But Caixin quotes a PICC source who said Kingold must initiate the claim on the policies because it is the insured party. It has not done so, the source said.
Dongguan Trust reported the case to the police on Feb. 27, the day after it got back its test results, according to Caixin. It also demanded 1.3 billion yuan in compensation from PICC's Hubei branch. Kingold had defaulted on 1.8 billion yuan in loans from Dongguan Trust, with another 1.6 billion yuan due in July.
The Hubei Province government has set up a task force to oversee the Kingold case and the public security department has launched an investigation. The Shanghai Gold Exchange, a self-regulatory body set up by the gold industry, kicked Kingold out from its membership on June 24, Caixin reports.
The 83 tons of gold that Kingold deposited at lenders would be equivalent to 19.8% of China's gold production in 2018 and around 4.3% of China's entire gold reserves.
Founder Jia started Kingold in 2002. Jia worked in the rear supply service of the People's Liberation Army in Guangzhou and Wuhan, according to company documents, and previously managed gold mines owned by the government. He remains the largest shareholder in the company, with a 25.5% stake as of April 2019.
Jia has a commanding presence, according to the Caixin report, "tall and strong," according to a finance industry source, "an imposing figure and speaks loudly. He is bold, reckless and eloquent, always making you feel he knows better than you."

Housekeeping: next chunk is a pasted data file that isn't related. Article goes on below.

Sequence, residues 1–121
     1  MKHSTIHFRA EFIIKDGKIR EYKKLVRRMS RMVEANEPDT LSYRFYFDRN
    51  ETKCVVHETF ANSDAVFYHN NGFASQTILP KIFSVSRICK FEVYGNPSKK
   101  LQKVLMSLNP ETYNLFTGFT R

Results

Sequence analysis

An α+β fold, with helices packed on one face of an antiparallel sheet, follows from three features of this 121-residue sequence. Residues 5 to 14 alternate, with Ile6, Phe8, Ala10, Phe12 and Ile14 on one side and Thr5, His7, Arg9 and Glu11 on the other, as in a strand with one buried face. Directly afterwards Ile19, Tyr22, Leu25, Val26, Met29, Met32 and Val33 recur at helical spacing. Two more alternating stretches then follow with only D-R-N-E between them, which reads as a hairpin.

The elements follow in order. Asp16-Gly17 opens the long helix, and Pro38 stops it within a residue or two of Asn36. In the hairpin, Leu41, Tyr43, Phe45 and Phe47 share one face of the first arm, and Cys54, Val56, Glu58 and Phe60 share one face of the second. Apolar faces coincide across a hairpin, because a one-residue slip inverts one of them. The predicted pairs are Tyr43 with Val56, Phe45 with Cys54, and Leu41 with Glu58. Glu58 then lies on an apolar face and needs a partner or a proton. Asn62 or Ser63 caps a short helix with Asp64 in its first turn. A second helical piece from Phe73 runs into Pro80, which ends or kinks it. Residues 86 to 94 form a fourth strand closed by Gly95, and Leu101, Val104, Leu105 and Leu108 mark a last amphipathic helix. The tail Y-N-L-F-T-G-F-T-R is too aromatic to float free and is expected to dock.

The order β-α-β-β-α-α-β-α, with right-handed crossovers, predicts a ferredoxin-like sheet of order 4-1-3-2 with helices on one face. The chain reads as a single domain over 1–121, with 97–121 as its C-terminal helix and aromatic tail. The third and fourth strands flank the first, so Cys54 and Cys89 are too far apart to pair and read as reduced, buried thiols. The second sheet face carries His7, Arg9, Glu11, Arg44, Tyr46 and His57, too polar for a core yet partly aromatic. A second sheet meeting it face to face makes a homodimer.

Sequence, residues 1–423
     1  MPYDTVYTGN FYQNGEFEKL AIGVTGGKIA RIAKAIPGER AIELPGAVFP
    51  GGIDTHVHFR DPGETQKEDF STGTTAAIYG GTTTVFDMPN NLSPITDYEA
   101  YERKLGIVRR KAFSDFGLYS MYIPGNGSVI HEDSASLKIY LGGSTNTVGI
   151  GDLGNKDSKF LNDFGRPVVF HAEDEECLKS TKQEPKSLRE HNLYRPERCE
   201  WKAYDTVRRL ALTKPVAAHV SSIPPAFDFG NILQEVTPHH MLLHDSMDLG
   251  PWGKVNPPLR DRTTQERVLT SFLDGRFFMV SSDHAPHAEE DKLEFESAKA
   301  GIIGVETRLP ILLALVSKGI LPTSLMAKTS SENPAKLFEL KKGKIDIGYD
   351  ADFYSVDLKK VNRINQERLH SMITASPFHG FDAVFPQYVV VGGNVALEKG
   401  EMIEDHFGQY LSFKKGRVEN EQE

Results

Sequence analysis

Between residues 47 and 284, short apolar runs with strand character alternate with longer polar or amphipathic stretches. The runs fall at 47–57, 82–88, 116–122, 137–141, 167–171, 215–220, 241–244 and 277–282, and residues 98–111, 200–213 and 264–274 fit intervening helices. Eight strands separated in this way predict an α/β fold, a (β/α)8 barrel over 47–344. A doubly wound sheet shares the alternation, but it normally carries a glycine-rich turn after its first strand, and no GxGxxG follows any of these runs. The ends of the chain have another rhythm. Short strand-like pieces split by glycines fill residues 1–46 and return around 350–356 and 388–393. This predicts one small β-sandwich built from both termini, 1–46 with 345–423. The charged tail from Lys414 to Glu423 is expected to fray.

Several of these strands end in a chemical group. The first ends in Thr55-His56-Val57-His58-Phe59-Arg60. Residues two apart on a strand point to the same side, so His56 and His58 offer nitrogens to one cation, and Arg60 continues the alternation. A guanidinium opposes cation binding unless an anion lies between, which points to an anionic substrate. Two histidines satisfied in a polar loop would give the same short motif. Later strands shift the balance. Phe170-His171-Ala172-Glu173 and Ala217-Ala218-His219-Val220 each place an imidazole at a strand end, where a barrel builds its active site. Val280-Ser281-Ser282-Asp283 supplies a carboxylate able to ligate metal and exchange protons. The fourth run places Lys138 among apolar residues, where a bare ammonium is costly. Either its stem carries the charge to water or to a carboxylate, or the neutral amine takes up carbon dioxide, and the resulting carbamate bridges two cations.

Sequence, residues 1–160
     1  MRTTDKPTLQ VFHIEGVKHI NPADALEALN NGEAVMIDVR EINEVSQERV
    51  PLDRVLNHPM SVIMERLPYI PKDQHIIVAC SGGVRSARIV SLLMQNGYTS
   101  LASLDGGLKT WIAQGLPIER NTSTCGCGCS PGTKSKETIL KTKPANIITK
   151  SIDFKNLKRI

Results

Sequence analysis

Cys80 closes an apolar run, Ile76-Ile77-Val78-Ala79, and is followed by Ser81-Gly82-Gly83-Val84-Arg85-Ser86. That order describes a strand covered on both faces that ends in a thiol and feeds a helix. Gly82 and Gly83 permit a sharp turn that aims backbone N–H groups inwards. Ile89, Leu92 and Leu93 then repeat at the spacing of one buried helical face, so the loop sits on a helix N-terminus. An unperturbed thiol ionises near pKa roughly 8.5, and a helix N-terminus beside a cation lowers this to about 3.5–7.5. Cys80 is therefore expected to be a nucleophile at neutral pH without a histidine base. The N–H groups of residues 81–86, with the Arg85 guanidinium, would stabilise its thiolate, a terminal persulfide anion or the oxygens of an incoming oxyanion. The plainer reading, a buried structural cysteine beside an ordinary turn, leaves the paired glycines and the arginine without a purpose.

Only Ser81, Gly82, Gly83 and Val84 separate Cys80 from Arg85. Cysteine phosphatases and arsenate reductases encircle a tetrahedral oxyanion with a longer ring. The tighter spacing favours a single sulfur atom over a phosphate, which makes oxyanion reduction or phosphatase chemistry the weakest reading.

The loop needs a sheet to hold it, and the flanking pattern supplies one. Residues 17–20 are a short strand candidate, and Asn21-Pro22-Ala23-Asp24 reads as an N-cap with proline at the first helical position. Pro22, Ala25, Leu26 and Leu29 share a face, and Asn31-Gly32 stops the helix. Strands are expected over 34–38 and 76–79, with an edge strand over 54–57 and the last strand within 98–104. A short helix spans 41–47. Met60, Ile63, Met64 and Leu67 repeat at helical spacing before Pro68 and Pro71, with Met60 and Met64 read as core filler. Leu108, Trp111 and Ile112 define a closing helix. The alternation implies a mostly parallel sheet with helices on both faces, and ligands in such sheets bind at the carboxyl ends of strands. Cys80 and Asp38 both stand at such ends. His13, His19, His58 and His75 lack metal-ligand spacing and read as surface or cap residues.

But local financial institutions in Hubei and Wuhan avoided doing business with Kingold, Caixin reports. A source told the publication that locals suspected his gold was not real, melded with copper.
The company was originally listed over the counter on Nasdaq's "pink sheets" OTC Bulletin Board. But it switched to the Nasdaq Capital Market, which is intended for early-stage companies that need to raise capital, in 2010. Its share price fell below US$1 in 2018, at which point Nasdaq warned the company that it could be delisted if its stock remains below that minimum price.
In an SEC filing from 2018, Kingold said many of its loans were borrowed based on personal guarantees by Jia "because of his personal credit worthiness and his reputation and expertise in the China gold industry." Its ability to secure credit depends on the continued service of Jia as chairman and CEO, it stated.
The company first borrowed against its gold in 2013. It pledged one ton of gold to get 200 million yuan in loans from Chang'An Trust, and it repaid the two-year loan, which it used to fund a property project in Wuhan, on time.
The gold was a big factor in its successful acquisition of the car parts maker Tri-Ring. The Hubei Province government announced in 2016 that it would sell stakes to private investors in a bid to overhaul the government-controlled company. Kingold was picked as the investor in 2018 in a 7-billion-yuan deal. The backing was intended to take Tri-Ring into the world of hydrogen fuel cells.
Kingold and Jia may have been more attracted to Tri-Ring's land bank. The company holds land blocks in Wuhan and Shenzhen valued at almost 40 billion yuan that are industrial land with the potential for far more lucrative commercial development.
Rival bidders for Tri-Ring immediately questioned the transparency of the bidding and Kingold's qualifications, according to Caixin. The company had only 100 million yuan in net assets in 2016 and 2 billion yuan in 2017, raising eyebrows about how it could afford a 7 billion purchase. It paid 2.8 billion yuan shortly after the deal, then another 2.4 billion yuan using gold-backed money from Dongguan Trust.
Tri-Ring has now been taken over by Kingold. But corruption probes have swirled around the company since early 2019, with its former chairman forced to resign. Much of its assets have been frozen during the investigation, meaning Jia cannot access that money.